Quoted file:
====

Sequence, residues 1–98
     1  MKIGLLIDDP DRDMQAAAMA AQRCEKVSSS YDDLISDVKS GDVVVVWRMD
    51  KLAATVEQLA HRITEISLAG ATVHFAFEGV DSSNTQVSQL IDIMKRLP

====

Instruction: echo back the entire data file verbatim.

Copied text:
Sequence, residues 1–98
     1  MKIGLLIDDP DRDMQAAAMA AQRCEKVSSS YDDLISDVKS GDVVVVWRMD
    51  KLAATVEQLA HRITEISLAG ATVHFAFEGV DSSNTQVSQL IDIMKRLP